Parodic Textuality from Pope to Sterne
Parody was a crucial technique for the satirists and novelists associated with the Scriblerus Club. The great eighteenth-century wits (Alexander Pope, John Gay, Henry Fielding, Laurence Sterne) often explored the limits of the ugly, the droll, the grotesque and the insane by mocking, distorting and deconstructing multiple discourses, genres, modes and methods of representation. This book traces the continuity and difference in parodic textuality from Pope to Sterne. It focuses on polyphony, intertextuality and deconstruction in parodic genres and examines the uses of parody in such texts as «The Beggar’s Opera», «The Dunciad», «Joseph Andrews» and «Tristram Shandy». The book demonstrates how parody helped the modern novel to emerge as a critical and artistically self-conscious form.
The present book discusses parody as a flexible and widespread technique, a method that combines mimicry with incongruity and ironic inversion, hence a dialectic game with the device, a playful dialogue with code or convention. Rather than being merely negative or destructive, parodied styles, devices and conventions might (and often do) prove productive and innovative. Arguably, parodic treatment of canonical literary styles and other discourses has provided the basic impulse for many comic, playful or bitterly satiric forms since times immemorial: mock epic poems, humorous dialogues, Menippean satires, travesties, tragicomic plays, burlesque romances. The most important manifestations of parodic technique in literature include: (1) parodic treatment of the established “classical” or popular literary genres, styles, images, motifs as well as authors and traditions; and (2) parodies of diverse non-literary forms and discourses (philosophical, learned, formal, everyday), often exposed as carriers of a limited reasoning, a monological worldview or as manifestations of misguided ideology. Parody may change a non-literary discourse into a literary one (because it is an artistic presentation of discourse), or may add extra levels of duplicity, irony and ambiguity to the literary discourse or style it appropriates.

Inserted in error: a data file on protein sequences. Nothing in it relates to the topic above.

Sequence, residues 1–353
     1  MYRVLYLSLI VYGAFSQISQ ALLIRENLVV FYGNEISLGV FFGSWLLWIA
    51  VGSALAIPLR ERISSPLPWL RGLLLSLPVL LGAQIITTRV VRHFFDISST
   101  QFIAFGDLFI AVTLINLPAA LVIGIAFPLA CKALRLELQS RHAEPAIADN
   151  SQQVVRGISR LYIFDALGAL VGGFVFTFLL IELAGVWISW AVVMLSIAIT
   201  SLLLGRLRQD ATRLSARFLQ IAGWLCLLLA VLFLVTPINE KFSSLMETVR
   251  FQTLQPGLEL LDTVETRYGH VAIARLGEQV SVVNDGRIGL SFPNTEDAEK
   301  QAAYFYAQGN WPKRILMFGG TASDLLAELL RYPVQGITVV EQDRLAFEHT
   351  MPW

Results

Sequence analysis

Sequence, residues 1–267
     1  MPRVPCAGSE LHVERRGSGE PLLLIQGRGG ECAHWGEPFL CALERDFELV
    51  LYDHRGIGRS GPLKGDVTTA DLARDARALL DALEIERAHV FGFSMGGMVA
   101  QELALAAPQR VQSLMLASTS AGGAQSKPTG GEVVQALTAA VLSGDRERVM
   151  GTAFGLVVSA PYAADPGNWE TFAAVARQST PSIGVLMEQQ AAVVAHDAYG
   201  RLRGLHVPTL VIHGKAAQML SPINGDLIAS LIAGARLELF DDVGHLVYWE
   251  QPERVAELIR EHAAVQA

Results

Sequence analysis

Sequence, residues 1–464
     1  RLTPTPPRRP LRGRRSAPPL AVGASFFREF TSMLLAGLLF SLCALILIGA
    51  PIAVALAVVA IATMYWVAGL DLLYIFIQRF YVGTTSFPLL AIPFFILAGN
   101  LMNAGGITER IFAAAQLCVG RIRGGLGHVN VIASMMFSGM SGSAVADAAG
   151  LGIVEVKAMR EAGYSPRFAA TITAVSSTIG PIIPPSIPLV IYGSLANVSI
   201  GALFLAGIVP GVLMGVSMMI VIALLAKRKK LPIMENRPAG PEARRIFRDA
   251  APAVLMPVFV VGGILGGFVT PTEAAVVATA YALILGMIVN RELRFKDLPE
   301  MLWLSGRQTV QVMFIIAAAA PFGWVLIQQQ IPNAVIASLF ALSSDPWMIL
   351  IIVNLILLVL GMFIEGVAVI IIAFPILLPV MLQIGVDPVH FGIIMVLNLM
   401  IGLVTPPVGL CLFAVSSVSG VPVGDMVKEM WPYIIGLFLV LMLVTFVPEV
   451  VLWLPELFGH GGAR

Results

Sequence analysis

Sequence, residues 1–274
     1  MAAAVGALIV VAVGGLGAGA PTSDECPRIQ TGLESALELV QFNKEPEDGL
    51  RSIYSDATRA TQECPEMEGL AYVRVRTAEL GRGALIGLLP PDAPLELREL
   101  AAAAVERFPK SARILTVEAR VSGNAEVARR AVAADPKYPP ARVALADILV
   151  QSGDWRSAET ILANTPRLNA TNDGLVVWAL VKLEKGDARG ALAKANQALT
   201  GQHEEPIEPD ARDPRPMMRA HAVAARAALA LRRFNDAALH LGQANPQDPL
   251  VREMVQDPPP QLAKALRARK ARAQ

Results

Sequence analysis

In all cases, such parodies make it possible to achieve a certain distance from official and received discourses and to playfully contradict or question the predominant patterns of representation. In this manner, parody combines creativity with criticism and tradition with innovation. This combination, however, is far from peaceful, for parody typically foregrounds contrast and contradiction – unlike in...
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